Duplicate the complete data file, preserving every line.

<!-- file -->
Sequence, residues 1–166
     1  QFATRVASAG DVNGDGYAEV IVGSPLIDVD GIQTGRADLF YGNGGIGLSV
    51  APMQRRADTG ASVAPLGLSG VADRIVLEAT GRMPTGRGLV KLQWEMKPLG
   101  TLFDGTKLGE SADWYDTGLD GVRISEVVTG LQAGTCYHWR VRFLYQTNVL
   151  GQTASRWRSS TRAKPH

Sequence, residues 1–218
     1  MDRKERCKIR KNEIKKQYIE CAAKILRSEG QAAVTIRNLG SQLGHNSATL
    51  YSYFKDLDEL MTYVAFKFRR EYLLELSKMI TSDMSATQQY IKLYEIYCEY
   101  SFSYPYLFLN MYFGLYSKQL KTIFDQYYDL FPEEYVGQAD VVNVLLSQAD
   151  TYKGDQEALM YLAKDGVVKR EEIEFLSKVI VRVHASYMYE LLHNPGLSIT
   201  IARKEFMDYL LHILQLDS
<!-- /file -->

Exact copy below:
Sequence, residues 1–166
     1  QFATRVASAG DVNGDGYAEV IVGSPLIDVD GIQTGRADLF YGNGGIGLSV
    51  APMQRRADTG ASVAPLGLSG VADRIVLEAT GRMPTGRGLV KLQWEMKPLG
   101  TLFDGTKLGE SADWYDTGLD GVRISEVVTG LQAGTCYHWR VRFLYQTNVL
   151  GQTASRWRSS TRAKPH

Sequence, residues 1–218
     1  MDRKERCKIR KNEIKKQYIE CAAKILRSEG QAAVTIRNLG SQLGHNSATL
    51  YSYFKDLDEL MTYVAFKFRR EYLLELSKMI TSDMSATQQY IKLYEIYCEY
   101  SFSYPYLFLN MYFGLYSKQL KTIFDQYYDL FPEEYVGQAD VVNVLLSQAD
   151  TYKGDQEALM YLAKDGVVKR EEIEFLSKVI VRVHASYMYE LLHNPGLSIT
   201  IARKEFMDYL LHILQLDS